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No. 32769 -  Dwight L. Mathena, Roger Sullivan, Patrick W. Few, Jack Grimes, Jr., Kenneth Bennett, Jeffrey L. Wolfe, Kenneth Powell, Steven Cogar, Jason Lawson, and Eugene Blake, Petitioners Below, Jason Lawson and Eugene Blake, Appellants v. William S. Haines, Respondent Below, Appellee

Maynard, Justice, dissenting, in part, and concurring, in part:
            I dissent to the majority's finding that the circuit court erred by entering an order enjoining appellant Eugene Blake from filing any motions, letters, or other communication with the circuit clerk or the circuit court in the underlying action unless such documents were signed by an attorney licensed to practice law in the State of West Virginia. It is clear to me, as it was the circuit court, that appellant Blake was threatening to flood the court with additional motions and paperwork concerning the underlying case which had been dismissed years ago. While Article III, Section 17 of the West Virginia Constitution provides that, “[t]he courts of this State shall be open, and every person, for an injury done to him, in his person, property or reputation, shall have remedy by due course of law; and justice shall be administered without sale, denial or delay,” the “right of meaningful access to the courts is not completely unfettered.” State ex rel. James v. Hun, 201 W.Va. 139, 141, 494 S.E.2d 503, 505 (1997). Specifically, it has been recognized that, “an indigent person has no constitutional right of access to the courts to prosecute an action that is frivolous or malicious.” Phillips v. Carey, 638 F.2d 207, 208 (10th Cir. 1981).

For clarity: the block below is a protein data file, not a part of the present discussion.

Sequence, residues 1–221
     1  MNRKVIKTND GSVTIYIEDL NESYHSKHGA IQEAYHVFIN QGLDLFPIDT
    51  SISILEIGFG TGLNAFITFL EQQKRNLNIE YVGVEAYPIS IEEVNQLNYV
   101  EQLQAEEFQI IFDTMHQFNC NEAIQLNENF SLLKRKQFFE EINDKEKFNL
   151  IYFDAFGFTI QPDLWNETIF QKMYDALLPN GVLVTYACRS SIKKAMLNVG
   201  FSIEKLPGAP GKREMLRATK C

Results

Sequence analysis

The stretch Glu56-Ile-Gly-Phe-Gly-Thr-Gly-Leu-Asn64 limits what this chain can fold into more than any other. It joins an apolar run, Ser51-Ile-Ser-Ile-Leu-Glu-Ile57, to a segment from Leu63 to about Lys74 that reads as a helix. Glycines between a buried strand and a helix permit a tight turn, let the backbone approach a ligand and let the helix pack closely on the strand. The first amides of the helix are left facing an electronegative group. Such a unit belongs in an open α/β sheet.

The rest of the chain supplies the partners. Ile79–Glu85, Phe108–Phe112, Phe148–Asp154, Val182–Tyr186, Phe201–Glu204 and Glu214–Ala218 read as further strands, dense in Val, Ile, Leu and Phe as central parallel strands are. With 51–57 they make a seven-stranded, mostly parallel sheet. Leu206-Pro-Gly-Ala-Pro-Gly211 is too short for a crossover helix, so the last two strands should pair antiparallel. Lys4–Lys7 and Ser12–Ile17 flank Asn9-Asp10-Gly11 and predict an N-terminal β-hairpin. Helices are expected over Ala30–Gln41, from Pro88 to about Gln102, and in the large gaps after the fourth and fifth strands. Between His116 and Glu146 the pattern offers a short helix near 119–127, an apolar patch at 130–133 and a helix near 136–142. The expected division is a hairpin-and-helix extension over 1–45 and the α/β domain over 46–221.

The threat made by the appellant in this case was a clear abuse of the legal process, and I believe the circuit court was justified in entering orders prohibiting the appellant from filing any additional paperwork in the case without legal representation. Circuit judges have the authority to control and manage their dockets. To do so effectively, judges must have wide discretion to place reasonable restrictions and limitations upon litigants who file non-meritorious claims for malicious reasons, or otherwise abuse the judicial process.

            The majority has ignored the reality of frivolous litigation that is constantly being filed by prisoners across this State. In this instance, the appellant was so bold as to actually put his threat to flood the court with paperwork in writing. Instead of allowing circuit judges to curtail what are obviously frivolous filings, the majority has created an open invitation for more abuse of the legal process by jailhouse lawyers who have nothing better to do.

            Finally, while I dissent from the majority's decision that the circuit court erred by limiting the appellant's right to self-representation, I concur with the majority's conclusion that the issues in the underlying case concerning the conditions of confinement and medical care were dismissed by the circuit court earlier and that the dismissal became final upon this Court's refusal to hear the appeal in 2003. Clearly, those issues could not be raised again in this appeal.

            Therefore, for the reasons set forth above, I dissent, in part, and concur, in part, to the majority's decision in this case.